[9.4]  (06-30-1998)
Schedule A Appointments

  1. Schedule A employees may be utilized in undercover operations. Their use must be approved by the Assistant Commissioner, CI, (see text 9.11.4.)

[9.4] 8.6.3  (06-30-1998)
Training for Undercover Agents

  1. Headquarters will provide uniform training for all undercover agents.
  2. District Counsel attorneys will be offered the opportunity to attend all Headquarters and regional training for undercover and contact agents. This will provide counsel attorneys exposure to problems and issues regarding undercover operations.

[9.4] 8.6.4  (06-30-1998)
Undercover Agent Classifications

  1. Throughout the screening and selection process for potential undercover agents, management officials will discuss the necessity of making a commitment to short-term or long-term undercover assignments.
    1. "Short-term" assignments may last from several days to several weeks in the target area. They may also involve being assigned to "cameo" or supporting roles in more complex undercover operations. "Cameo" assignments offer an excellent opportunity for trained but inexperienced undercover agents to gain experience and confidence.
    2. "Long-term" assignments may last from several months to several years in the target area (with periodic visits home).
  2. Undercover agents may be allowed to continue to accept undercover assignments based on a yearly review. The review will consider:
    1. The undercover agent's desire to continue in the program.
    2. The undercover agent's receipt of satisfactory evaluations relating to his or her undercover assignments.
    3. The undercover agent's ability to satisfactorily cope with the emotional, psychological, and physiological stresses associated with undercover.
  3. The District Director of the home district of the undercover agent and the Director of Investigations will be the responsible review officials.

[9.4] 8.6.5  (06-30-1998)
Undercover Agents Cadre

  1. Cadre agents will be administratively assigned to the office of the Director of Investigations, need not be physically relocated, and may be assigned to a post of duty in a district office. Continuation in the cadre will be subject to periodic review.
  2. Undercover agents must be trained and successfully complete one or more undercover assignments before selection into the cadre. The Directors of Investigations select the cadre. Cadre undercover agents should develop multiple cover identities so that they can work multiple operations simultaneously.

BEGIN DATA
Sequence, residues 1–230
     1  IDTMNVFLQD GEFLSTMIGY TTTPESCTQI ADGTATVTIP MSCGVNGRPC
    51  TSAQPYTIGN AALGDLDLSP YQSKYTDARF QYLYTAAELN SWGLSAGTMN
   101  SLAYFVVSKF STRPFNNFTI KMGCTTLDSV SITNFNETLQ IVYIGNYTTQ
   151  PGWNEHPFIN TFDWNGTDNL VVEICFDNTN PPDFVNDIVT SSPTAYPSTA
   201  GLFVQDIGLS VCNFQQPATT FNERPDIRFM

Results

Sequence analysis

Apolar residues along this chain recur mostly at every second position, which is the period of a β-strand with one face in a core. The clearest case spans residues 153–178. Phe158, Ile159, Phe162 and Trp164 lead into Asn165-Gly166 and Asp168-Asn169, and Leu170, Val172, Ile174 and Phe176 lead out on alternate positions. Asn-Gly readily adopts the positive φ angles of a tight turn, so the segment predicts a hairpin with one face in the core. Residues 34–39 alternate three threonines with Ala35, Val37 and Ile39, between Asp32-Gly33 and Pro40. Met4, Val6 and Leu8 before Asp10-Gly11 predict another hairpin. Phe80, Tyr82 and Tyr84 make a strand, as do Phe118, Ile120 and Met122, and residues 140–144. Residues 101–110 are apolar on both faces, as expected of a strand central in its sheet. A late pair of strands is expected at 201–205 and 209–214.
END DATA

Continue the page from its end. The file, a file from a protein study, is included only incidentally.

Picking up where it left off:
3. Cadre undercover agents have as their primary responsibilities performing and supporting undercover operations. While on an undercover assignment, the agent works under the direction and supervision of the district to which he or she is assigned.
  4. When not functioning as an undercover agent, cadre agents will be assigned to support undercover and other activities as needed. If not needed in this capacity, cadre agents will be assigned to the district in which their home post of duty is located and be given such duties and responsibilities that will permit their immediate availability for an undercover assignment.
  5. The assignment of cadre agents to undercover operations will be coordinated with Headquarters prior to their assignment.
  6. If cadre agents are not assigned to a Group I or Group II undercover assignment during a 2-year period or more, they will no longer be considered cadre undercover agents. They will have to be retrained before resuming undercover assignments.

[9.4] 8.6.6  (06-30-1998)
Supervision and Evaluation of Undercover Agents

  1. The Chief in the district in which the undercover agent is working is responsible for the supervision of the undercover special agent.
  2. Within 30 days of the close of each undercover operation, or within 30 days of the completion of an undercover agent's assignment, outside his or her home district, the manager of the group in which the operation took place will evaluate the undercover agent's performance, with input from the Chief. Undercover agent evaluations should be in a format paralleling the seven special agent job elements as listed on Form 5014, Evaluation of Special Agent Performance.